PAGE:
How to Decline a Job Interview without Burning Bridges [+Sample]

Updated on: November 1, 2020

At times you might find yourself in a situation when you get a job interview but not interested to appear for some reason.

In this case, you will need to graciously decline the job interview without burning bridges. You may do this through a traditional letter or email.

There might be many reasons for this; you may have found another job or their compensation package is very low. Whatsoever the reason is, you have to decline very carefully.

Here is this kind of sample letter or email to decline a job interview.

Sample Letter or Email to Decline an Interview without Burning Bridges

November 1, 2020

Mr. Jacob Williams
Human Resource Manager
ABC Company
8890 First Street
Allendale, NJ 08897

Dear Mr. Williams:

Thank you for reaching out to me to let me know that I have qualified for an interview at ABC Company, for the position of Sales Associate. I am actually quite excited knowing that I was considered worthy enough to be shortlisted for this position, at a company that I have been wanting to work for many years.

While I was keenly waiting for ABC Company to call me in for an interview, I was approached by another organization (where I had applied for a job as well). Since their offer was immediate and spot on with my requirements, I had no choice but to take it up and commit to them that I will be joining in a week’s time.

The present situation does leave me in a dilemma as I was actually looking forward to working with you, rather than anywhere else. However, professional ethics state that I take up the offer that I have already promised. 

At this point in time, however, I have no choice but to turn down the interview, hoping that a suitable and deserving candidate will be given a chance to work for an organization that I have dreamed of working for. I expect that you understand my predicament, and keep my job application documents in your database for another suitable position in the future. 

I would like to thank you once again for shortlisting me for the interview.


Abraham Dayton

How to Decline a Job Interview without Burning Bridges

It can be quite a challenge to decline a job interview, especially when you have done efforts to gain a prospective employer’s favor. Most of us might not think this way, but when you decline an interview, you also destroy your chances of working with that company ever again.

Look at it this way – when an interview call is sent, you are not the only one who is looking forward to gaining the job. The hiring manager will also be quite excited at the prospect of hiring someone who is almost perfect for the job. You will burst his bubble by declining to come in for the interview.

But what the hiring manager thinks is not your business, right? Wrong! Even if you are a little bit of a forward thinker, you will realize that you might need to apply to this company in the future. In such a case, you might have already been blacklisted by the employer, who would not trust you enough because you have already declined an interview once.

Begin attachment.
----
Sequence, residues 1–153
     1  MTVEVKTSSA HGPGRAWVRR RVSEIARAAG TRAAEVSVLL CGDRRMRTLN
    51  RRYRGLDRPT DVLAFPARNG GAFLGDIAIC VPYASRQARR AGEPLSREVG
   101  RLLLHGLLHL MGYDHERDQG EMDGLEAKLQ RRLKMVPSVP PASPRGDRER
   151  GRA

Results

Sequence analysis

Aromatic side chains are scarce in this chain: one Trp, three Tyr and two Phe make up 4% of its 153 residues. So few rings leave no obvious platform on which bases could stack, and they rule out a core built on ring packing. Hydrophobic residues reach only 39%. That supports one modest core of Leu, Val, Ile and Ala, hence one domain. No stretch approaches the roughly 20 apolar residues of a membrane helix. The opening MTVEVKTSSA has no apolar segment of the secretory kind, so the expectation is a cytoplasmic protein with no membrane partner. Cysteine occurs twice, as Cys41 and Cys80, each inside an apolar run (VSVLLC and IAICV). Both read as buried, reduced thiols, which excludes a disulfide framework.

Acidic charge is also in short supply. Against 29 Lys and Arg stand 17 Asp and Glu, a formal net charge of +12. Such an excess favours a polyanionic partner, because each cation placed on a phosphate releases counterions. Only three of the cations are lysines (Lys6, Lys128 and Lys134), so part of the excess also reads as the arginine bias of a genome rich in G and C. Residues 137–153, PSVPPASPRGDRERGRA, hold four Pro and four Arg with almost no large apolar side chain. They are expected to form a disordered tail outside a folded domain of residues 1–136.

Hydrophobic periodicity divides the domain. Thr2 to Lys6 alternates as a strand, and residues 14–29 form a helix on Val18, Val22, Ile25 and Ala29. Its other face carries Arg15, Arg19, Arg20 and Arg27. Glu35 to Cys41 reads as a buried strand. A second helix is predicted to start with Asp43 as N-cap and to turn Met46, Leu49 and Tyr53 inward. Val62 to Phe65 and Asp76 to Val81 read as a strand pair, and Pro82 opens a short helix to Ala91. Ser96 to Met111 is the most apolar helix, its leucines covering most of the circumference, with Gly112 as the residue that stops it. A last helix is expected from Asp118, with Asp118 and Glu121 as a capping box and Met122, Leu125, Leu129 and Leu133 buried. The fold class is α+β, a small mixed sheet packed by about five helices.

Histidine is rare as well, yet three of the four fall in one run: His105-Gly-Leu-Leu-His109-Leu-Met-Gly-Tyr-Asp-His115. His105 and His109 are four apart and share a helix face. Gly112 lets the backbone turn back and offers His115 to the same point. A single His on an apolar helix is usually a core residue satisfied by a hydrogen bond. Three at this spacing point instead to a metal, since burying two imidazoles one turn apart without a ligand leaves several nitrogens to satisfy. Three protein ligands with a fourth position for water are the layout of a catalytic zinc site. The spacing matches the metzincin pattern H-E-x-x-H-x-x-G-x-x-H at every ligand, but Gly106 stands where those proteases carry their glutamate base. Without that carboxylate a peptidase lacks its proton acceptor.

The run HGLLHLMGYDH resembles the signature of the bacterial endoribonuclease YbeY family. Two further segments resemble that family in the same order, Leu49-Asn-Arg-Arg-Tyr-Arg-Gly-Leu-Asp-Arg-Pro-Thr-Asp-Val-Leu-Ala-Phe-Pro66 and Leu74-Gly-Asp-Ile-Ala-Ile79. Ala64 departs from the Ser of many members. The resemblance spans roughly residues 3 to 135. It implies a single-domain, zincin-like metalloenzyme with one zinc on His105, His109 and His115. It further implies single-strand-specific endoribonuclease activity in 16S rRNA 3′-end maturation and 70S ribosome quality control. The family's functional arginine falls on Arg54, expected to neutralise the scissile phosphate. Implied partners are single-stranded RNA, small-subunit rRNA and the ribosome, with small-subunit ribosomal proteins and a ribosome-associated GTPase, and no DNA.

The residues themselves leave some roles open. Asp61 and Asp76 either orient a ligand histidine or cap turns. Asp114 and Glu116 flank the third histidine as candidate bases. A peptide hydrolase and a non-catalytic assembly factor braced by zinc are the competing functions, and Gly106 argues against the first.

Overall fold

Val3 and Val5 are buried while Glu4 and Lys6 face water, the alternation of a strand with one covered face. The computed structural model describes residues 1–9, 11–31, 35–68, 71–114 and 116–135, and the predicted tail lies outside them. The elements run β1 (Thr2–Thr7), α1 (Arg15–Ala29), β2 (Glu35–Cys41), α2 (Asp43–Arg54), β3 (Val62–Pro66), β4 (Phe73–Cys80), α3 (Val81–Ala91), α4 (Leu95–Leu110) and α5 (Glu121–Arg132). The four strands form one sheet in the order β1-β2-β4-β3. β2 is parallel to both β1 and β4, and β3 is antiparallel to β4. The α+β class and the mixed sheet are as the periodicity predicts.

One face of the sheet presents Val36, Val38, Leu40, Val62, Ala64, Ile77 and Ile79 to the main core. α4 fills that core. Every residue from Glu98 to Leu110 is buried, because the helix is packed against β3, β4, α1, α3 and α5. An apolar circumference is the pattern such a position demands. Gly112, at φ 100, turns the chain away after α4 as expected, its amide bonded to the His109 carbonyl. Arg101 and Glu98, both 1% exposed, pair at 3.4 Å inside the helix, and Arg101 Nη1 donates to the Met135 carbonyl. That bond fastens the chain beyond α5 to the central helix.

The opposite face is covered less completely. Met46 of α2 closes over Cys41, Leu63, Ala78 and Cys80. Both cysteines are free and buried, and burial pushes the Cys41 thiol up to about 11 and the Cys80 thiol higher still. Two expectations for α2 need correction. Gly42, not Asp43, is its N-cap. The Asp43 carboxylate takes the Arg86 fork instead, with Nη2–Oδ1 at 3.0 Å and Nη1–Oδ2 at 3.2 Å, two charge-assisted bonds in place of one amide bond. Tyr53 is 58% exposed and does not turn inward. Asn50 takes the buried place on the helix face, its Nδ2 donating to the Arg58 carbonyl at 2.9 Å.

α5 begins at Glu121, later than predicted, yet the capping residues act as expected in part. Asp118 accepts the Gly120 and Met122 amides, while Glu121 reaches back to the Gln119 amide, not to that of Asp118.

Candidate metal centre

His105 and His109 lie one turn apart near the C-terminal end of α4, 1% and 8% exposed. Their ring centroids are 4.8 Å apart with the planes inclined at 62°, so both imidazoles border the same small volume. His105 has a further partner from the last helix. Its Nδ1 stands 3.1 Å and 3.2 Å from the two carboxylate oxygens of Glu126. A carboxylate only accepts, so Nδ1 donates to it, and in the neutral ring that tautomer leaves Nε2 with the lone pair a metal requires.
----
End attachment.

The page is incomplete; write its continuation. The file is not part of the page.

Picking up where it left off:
What should you do?

You make sure that you inform the hiring manager that you cannot come in for the interview, and that you have certain reasons for this decision.

What reasons?

Well, you might have realized that the company or the work is not really down your alley. Or you might have found a better job offer (or interview call) and you do not want to waste time by obliging to an interview that you do not really want to go to.

Or you just do not want to leave your present job after all! Can any of these reasons be communicated to a hiring manager without him feeling at least a bit antsy about you? The answer is no. So, what does one do?

How to decline?

First things first. As soon as you decide that you do not want to appear for the interview, inform the hiring manager through a letter or email.

Since the latter will be faster, we suggest that you use this means of communication. Be very polite in how you word your refusal – you might want to apply to the same company in the future, and you don’t want to burn your bridges.

Thank all the people who were involved in bringing you to the interview stage. Being diplomatic will help here. Tell the hiring manager that you admire his company and are thankful for the job offer, but you have already accepted a job that suited your career objectives better.

Avoid unnecessary details

In your conversation with the hiring manager, make sure that you do not say unnecessary things like how good you are and how highly accomplished a candidate you make.

The hiring manager doesn’t want to know all this anymore. He just needs a reason for you to decline the interview and you need to make sure that he or she understands it, and keeps your job application documents in a safe place, ready to be referred to when another suitable position arises!